Developments in Forecast Combination and Portfolio Choice. Financial Economics and Quantitative Analysis Series

  • ID: 2214318
  • Book
  • 344 Pages
  • John Wiley and Sons Ltd
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"Dunis, Timmermann and Moody have assembled a fascinating and insightful collection of articles that address the latest developments in forecast combination, long memory, and portfolio choice. These papers present state–of–the–art estimation techniques along with relevant empirical applications. Both academics and practitioners will find this anthology to be a worthy addition to their libraries." –– Joshua Rosenberg, NYU – Stern School of Business

"A modern book on financial econometrics has to consider interesting and relevant topics from the viewpoint of recently developed techniques that have been shown to actually work. This book delivers in all aspects&The many new techniques displayed include the use of loss functions based on economic rather than statistical criteria, the benefits of combining forecasts, dimension reduction, structural changes, and long memory fractional cointegration, neural networks, and high frequency data techniques applied to exchange rates. The authors provide plenty to think about." –– Professor Clive W J Granger, University of California, San Diego

"This book is a welcome addition to the literature on forecasting in financial markets." –– Professor Ken Holden, Liverpool Business School

Developments in Forecast Combination and Portfolio Choice brings together papers that address current frontier research within the field of quantitative finance. Focusing on three core themes of model and forecast combinations; structural change and long memory; and controlling downside risk and investment strategies, the book provides an authoritative collection of readings that are relevant to academics and practitioners alike.
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About the Contributors.

Series Preface.



What Exactly Should We Be Optimising? Criterion Risk in Multicomponent and Multimodel Forecasting (A. Neil Burgess).

A Meta–parameter Approach to the Construction of Forecasting Models for Trading Systems (Neville Towers and A. Neil Burgess).

The Use of Market Data and Model Combination to Improve Forecast Accuracy (Christian L. Dunis, Jason Laws and Sté phane Chauvin).

21 Nonlinear Ways to Beat the Market (George T. Albanis and Roy A. Batchelor).

Predcting High Performance Stocks Using Dimensionality Reduction Techniques Based on Neural Networks (George T. Albanis and Roy A. Batchelor).


Structural Change and Long Memory in Volatility: New Evidence from Daily Exchange Rates (Michel Beine and Sé bastien Laurent).

Long–run Volatility Dependencies in Intraday Data and Mixture of Normal Distributions (Auré lie Boubel and Sé bastien Laurent).

Comparison of Parameter Esitmation Methods in Cyclical Long Memory Time Series (Laurent Ferrara and Dominique Guegan).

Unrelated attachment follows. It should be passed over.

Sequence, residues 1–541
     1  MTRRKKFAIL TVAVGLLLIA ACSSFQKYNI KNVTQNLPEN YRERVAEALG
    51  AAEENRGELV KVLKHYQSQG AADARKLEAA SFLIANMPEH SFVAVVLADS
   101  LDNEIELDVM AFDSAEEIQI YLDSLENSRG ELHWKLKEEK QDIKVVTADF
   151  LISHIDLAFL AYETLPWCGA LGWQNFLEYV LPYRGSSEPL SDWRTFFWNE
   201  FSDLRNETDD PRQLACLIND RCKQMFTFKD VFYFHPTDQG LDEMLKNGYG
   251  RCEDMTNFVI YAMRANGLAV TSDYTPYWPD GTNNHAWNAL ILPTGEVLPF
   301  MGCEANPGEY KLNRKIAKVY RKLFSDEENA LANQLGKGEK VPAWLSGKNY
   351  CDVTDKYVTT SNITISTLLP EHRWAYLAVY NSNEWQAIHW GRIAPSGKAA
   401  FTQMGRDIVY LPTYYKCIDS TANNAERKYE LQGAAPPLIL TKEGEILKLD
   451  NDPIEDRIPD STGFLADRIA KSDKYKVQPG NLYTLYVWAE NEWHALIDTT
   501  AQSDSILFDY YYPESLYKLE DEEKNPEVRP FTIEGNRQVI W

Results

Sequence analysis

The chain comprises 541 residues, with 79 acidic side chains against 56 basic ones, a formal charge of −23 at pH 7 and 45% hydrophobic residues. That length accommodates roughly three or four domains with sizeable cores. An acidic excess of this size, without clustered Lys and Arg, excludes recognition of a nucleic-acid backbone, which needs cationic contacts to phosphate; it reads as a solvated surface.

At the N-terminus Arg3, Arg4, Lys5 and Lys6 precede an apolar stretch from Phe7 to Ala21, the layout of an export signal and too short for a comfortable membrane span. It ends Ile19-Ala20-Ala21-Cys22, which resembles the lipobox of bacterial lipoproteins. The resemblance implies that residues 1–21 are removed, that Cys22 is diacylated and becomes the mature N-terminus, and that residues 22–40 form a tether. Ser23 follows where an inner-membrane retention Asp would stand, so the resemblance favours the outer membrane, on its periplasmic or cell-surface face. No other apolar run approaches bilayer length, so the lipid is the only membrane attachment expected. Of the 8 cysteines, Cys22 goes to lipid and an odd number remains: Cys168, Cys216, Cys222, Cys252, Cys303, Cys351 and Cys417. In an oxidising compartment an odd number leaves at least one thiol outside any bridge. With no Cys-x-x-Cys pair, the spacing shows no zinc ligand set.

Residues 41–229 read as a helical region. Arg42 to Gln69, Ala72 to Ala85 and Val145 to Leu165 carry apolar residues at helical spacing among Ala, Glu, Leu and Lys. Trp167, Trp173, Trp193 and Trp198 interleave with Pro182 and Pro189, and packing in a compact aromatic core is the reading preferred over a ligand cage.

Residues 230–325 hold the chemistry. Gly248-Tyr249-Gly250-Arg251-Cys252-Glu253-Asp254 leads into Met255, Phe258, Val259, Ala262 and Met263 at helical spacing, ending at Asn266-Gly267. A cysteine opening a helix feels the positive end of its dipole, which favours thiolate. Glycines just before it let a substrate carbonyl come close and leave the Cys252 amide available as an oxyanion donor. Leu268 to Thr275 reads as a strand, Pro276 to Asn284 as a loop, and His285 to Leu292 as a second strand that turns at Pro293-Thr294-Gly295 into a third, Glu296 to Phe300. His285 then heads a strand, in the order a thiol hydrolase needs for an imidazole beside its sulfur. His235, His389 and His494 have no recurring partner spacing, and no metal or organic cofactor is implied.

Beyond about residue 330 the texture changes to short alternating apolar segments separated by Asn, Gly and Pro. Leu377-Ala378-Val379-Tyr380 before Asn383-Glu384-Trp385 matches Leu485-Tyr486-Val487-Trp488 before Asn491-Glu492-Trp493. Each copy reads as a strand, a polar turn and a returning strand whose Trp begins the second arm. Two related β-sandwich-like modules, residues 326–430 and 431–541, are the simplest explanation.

Building a Mean Downside Risk Portfolio Frontier (Gustavo M. de Athayde).

Implementing Discrete–Time Dynamic Investment Strategies with Downside Risk: A Comparison of Returns and Investment Policies (Mattias Persson).

Portfolio Optimisation in a Downside Risk Framework (Riccardo Bramante and Barbara Cazzaniga).

The Three–moment CAPM: Theoretical Foundations and an Asset Pricing Model Comparison in a Unified Framework (Emmanuel Jurczwnko and Bertrand Maillet).

Stress–testing Correlations: An Application to Portfolio Risk Management (Frederick Bourgoin.)

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CHRISTIAN L. DUNIS is Girobank Professor of Banking and Finance at Liverpool Business School, and Director of its Centre for International Banking, Economics and Finance (CIBEF). He is also a consultant to asset management firms and an Official Reviewer attached to the European Commission for the evaluation of applications to Finance of emerging software technologies. He is an Editor of the European Journal of Finance and has published widely in the field of financial market analysis and forecasting.

ALLAN TIMMERMANN is Professor of Economics at University of California, San Diego. He is on the editorial board of the Journal of Forecasting and Journal of Business and Economic Statistics. His research is concerned with modelling the dynamics and predictability of returns in financial markets. Professor Timmermann has held positions at Birkbeck College and the London School of Economics.

JOHN MOODY is the Director of the Computational Finance program and a Professor of Computer Science at the Oregon Graduate Institute. His research interests include computational finance, time series analysis and machine learning. Professor Moody has held positions at Yale University and the Institute for Theoretical Physics.
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